I want to have a bumper sticker that says the truth: "Environmenalism is a luxury good." Unfortunately, that doesn't make clear the serious externalities of enviro policies.
8.20.2009 11:26pm
Steve:
The talking point about the mythical DDT ban will never die. Seriously, Prof. Adler, why do you always allow that crap to pollute your threads?
8.20.2009 11:33pm
John Moore (www):
The DDT ban is far from mythical. The effects of it have been dramatic. Even today, environmental groups are trying to totally ban DDT, which would lead to more deaths.

So instead of mouthing off, why not put some facts where your mouth is, Steve?
8.21.2009 1:08am
theobromophile (www):
About five or six years ago, I heard that Massachusetts takes six to nine months to reimburse stores for bottle returns. Many stores either stopped participating in the programme or limited the number of bottle returns that they would accept form any one customer. They simply could not handle being out even $0.05 per returned bottle for that long a time.

The solution to these problems seems simple: set up programmes wherein the government is charged market-rate interest for delayed repayment. (Of course, that presumes that the government belongs in areas like using my money to help buy a $40,000 car for my neighbour - an assumption that I'm obviously unwilling to accept.)
8.21.2009 2:03am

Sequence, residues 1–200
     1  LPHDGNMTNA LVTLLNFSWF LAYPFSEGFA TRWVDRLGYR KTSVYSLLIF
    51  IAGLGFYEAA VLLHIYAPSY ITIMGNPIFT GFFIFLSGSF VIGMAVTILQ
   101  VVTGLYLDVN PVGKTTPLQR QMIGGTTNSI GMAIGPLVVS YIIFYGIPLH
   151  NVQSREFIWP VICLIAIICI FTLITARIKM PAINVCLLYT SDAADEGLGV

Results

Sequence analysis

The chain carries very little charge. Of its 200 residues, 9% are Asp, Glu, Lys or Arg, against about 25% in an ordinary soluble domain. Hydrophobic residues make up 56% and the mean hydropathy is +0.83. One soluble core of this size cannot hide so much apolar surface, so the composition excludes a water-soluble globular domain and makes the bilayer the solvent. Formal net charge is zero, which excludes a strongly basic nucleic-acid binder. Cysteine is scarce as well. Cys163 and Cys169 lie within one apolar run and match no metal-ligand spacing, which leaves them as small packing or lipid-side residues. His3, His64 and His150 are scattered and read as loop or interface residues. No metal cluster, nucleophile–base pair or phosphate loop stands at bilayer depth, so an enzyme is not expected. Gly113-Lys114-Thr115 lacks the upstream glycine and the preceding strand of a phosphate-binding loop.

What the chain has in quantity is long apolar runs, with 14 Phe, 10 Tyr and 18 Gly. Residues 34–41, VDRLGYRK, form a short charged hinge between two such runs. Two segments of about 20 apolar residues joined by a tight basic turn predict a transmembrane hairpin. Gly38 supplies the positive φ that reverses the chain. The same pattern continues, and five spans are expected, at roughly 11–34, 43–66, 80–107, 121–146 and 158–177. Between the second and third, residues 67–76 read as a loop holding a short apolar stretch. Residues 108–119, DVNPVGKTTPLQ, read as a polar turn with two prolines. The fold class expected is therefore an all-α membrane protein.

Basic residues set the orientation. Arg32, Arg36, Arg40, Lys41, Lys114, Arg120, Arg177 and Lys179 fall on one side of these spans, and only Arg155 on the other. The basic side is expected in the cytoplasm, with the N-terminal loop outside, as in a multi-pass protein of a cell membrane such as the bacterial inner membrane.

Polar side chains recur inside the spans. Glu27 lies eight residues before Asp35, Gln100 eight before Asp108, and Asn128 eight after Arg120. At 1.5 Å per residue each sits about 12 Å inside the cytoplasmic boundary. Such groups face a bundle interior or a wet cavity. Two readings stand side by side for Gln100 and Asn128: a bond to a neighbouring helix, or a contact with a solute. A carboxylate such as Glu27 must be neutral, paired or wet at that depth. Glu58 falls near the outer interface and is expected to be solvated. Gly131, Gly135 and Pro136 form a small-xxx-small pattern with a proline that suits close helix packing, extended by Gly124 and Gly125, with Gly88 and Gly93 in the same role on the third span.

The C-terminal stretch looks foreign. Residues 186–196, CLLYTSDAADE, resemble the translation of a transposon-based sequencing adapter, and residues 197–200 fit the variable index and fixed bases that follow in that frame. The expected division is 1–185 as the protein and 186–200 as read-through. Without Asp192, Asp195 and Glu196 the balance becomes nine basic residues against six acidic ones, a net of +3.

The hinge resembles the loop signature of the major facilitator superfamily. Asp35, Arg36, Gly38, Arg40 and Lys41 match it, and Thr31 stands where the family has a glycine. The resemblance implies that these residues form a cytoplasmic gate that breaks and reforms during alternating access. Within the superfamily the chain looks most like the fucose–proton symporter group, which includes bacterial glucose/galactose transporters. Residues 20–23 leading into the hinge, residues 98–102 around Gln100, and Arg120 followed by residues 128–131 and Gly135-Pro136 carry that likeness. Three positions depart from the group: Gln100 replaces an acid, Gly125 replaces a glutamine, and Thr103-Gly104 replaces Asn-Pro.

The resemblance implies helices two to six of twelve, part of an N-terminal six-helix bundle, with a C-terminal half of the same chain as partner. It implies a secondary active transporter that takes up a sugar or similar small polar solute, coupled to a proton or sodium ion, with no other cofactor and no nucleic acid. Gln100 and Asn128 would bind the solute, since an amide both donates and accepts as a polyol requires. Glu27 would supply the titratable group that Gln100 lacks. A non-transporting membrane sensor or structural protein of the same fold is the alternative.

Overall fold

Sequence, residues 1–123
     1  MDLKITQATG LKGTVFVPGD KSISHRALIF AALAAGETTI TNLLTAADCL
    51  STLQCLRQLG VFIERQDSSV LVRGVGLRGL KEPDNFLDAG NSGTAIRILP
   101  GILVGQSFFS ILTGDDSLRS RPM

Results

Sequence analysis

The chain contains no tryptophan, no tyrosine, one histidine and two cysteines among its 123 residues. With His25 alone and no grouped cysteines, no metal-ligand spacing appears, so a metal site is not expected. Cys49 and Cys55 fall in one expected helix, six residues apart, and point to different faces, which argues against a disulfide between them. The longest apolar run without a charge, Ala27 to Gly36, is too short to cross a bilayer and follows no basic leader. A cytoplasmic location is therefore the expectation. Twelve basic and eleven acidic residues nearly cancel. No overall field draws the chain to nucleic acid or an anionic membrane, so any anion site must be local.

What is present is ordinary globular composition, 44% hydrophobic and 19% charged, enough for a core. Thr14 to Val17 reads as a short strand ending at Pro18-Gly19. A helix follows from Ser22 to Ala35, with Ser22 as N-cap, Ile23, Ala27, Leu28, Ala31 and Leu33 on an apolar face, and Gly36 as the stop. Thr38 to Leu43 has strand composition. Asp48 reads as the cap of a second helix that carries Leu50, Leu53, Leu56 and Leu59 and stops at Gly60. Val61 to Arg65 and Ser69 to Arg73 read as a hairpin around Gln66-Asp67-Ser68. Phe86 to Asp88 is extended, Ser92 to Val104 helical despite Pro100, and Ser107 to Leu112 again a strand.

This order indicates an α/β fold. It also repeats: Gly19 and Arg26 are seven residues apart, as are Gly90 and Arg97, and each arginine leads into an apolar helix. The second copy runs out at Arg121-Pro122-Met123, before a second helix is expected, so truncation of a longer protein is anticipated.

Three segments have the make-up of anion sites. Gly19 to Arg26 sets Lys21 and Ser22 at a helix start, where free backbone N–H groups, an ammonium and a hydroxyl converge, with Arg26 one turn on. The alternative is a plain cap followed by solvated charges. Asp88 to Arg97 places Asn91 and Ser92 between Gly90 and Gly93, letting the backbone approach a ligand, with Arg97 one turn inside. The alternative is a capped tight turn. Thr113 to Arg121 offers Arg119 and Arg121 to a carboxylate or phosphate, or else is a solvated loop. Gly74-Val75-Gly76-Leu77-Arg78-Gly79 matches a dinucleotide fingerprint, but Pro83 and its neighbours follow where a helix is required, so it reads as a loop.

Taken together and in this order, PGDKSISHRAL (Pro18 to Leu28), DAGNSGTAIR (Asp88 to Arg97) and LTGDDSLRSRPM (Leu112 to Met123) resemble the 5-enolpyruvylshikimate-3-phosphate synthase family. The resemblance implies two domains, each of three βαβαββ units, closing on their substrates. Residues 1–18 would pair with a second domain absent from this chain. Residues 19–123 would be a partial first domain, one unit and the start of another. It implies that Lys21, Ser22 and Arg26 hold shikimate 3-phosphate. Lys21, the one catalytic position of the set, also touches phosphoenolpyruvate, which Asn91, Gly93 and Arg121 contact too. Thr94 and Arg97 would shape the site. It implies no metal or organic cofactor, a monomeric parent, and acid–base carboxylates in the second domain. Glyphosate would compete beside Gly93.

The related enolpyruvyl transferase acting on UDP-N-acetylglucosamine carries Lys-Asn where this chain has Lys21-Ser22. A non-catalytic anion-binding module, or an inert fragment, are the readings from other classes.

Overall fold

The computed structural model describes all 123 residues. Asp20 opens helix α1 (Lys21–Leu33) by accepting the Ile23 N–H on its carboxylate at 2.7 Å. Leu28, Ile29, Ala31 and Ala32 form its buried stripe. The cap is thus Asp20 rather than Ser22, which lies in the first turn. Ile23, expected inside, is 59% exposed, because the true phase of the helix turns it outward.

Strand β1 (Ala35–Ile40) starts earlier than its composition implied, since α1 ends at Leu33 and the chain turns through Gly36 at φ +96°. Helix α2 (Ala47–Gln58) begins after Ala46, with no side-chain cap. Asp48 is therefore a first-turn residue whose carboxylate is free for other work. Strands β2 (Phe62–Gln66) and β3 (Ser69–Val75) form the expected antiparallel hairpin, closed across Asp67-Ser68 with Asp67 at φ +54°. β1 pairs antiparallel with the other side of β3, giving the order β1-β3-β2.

Frater Plotter:
The DDT ban is far from mythical. [...] Even today, environmental groups are trying to totally ban DDT, which would lead to more deaths.
If it's not mythical, how can they still be trying to do it?

You know, the Mormons used to run these public-service ads on TV with moral messages. One of them had these spooky fellows singing a song about lying -- and how if you get in the habit of telling lies you'll eventually get confused and contradict yourself and everyone will discover that you're a liar.

Well, guess what? They were right!
8.21.2009 2:38am
Anon1111:

The DDT ban is far from mythical. [...] Even today, environmental groups are trying to totally ban DDT, which would lead to more deaths.

If it's not mythical, how can they still be trying to do it?

You know, the Mormons used to run these public-service ads on TV with moral messages. One of them had these spooky fellows singing a song about lying -- and how if you get in the habit of telling lies you'll eventually get confused and contradict yourself and everyone will discover that you're a liar.

Well, guess what? They were right!


Did the Mormons ever run a PSA event timelines? You know, how things can have happened in the past and also in the present?
8.21.2009 7:48am
Ben P:

I'm kind of amazed, frankly, at how many dealers were willing to front $4,500 to so many customers, on the hope and expectation that the government will actually, eventually, pay them.


"I'm kind of amazed, frankly, at the number of people who still buy T-Bills and other government bonds."

Ok, not quite the same idea, but it serves its point. The credit rating of the government is still pretty good, any by in large when the government promises to pay someone money it follows through with it. The only catch is that it's really bad with getting paperwork organized in any kind of timely manner.